14,000 more AstraZeneca doses expected in days
Health and Wellness Minister Dr Christopher Tufton says Jamaica is to receive a shipment of 14,400 doses of the AstraZeneca vaccine next Monday as the island steps up its COVID-19 vaccination drive. He said that this is the first delivery under the...
Health and Wellness Minister Dr Christopher Tufton says Jamaica is to receive a shipment of 14,400 doses of the AstraZeneca vaccine next Monday as the island steps up its COVID-19 vaccination drive.
He said that this is the first delivery under the COVAX Facility – a global effort to improve equitable access to vaccines – with the remaining amount from a total allocation of 124,800 does expected to arrive by May.
In giving an update on the island’s vaccination efforts so far during a press conference yesterday, the health minister and his team said that on Wednesday, the first day of the vaccination drive, 2,718 jabs of the two-part vaccine were administered out of a projected 3,280.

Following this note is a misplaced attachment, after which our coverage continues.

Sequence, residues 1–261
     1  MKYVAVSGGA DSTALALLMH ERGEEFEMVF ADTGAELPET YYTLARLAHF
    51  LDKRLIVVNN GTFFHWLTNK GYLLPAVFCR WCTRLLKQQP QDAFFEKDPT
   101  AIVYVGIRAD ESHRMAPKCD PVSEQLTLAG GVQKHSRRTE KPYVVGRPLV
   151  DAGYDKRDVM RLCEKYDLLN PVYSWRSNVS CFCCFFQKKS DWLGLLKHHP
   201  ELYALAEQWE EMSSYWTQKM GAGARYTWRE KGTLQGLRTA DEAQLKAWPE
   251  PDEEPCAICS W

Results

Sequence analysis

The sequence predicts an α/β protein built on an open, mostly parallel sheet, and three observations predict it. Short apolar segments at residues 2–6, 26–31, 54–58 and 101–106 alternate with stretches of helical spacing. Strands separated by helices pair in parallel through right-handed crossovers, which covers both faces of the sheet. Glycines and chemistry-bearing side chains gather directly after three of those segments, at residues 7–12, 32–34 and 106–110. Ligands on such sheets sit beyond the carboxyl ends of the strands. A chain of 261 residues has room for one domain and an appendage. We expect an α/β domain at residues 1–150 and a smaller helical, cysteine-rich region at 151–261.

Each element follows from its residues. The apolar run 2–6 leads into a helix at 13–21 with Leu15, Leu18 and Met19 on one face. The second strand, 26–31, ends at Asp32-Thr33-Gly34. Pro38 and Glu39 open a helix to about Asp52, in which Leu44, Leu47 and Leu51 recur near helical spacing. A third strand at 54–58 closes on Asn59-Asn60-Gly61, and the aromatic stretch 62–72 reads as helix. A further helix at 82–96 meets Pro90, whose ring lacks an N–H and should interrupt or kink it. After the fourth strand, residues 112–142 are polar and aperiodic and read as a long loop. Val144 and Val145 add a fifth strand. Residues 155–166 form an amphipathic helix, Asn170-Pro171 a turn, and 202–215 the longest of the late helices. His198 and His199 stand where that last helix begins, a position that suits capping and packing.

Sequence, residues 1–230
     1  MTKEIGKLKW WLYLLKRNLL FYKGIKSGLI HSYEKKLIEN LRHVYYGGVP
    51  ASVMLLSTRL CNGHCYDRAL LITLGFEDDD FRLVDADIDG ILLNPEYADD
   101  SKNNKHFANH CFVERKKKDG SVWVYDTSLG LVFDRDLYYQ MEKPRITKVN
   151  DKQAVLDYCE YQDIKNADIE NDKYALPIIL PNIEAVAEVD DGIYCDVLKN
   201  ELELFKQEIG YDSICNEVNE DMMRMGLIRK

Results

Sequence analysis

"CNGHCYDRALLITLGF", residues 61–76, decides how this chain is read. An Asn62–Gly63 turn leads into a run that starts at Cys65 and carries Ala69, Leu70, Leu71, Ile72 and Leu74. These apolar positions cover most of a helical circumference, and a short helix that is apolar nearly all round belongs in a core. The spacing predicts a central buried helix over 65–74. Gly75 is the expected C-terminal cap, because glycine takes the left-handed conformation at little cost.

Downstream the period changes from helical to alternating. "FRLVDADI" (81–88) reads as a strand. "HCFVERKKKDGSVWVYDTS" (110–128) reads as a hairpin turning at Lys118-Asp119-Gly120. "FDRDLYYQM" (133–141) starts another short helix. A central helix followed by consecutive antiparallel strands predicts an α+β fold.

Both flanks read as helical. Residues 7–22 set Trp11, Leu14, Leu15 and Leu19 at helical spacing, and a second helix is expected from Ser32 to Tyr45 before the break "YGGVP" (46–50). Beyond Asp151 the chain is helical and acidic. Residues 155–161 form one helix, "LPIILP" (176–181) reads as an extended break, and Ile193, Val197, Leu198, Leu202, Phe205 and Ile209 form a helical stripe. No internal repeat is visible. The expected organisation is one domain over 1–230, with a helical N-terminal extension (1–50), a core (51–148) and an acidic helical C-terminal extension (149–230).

However, Tufton said that he was very pleased with the progress of vaccination among front-line healthcare workers, adding that the total figure for day one would increase when the number of soldiers vaccinated by the Jamaica Defence Force was tallied.
“I think that’s a good achievement. It’s a commendable achievement in that this is the start of a national process … and in a sense, it was a trial run,” the health minister said.
Members of the Jamaica Constabulary Force and the Jamaica Defence Force are the uniformed groups, along with the health workers and elderly persons, targeted for inoculation in first phase of the COVID-19 vaccination campaign.
On Wednesday, Jamaica saw its highest one-day toll from the virus, with 12 people dying.
Tufton said that despite concerns about the pause put on the AstraZeneca vaccine by five European countries, Jamaica remains committed to using the vaccine based on the science, which continues to show that it is still effective and safe.
He made it clear that despite the urgency, Jamaica would not compromise the health of its population by rushing to purchase vaccinations from any and everyone.
“We want vaccines that are WHO (World Health Organisation) approved. That’s been our culture. That’s been our tradition and that’s what we have relied on to deliver safe vaccines to the population. Yes, there are offers for vaccines that are not approved yet by the WHO, [but] our principle is to discuss, to engage, and wait.”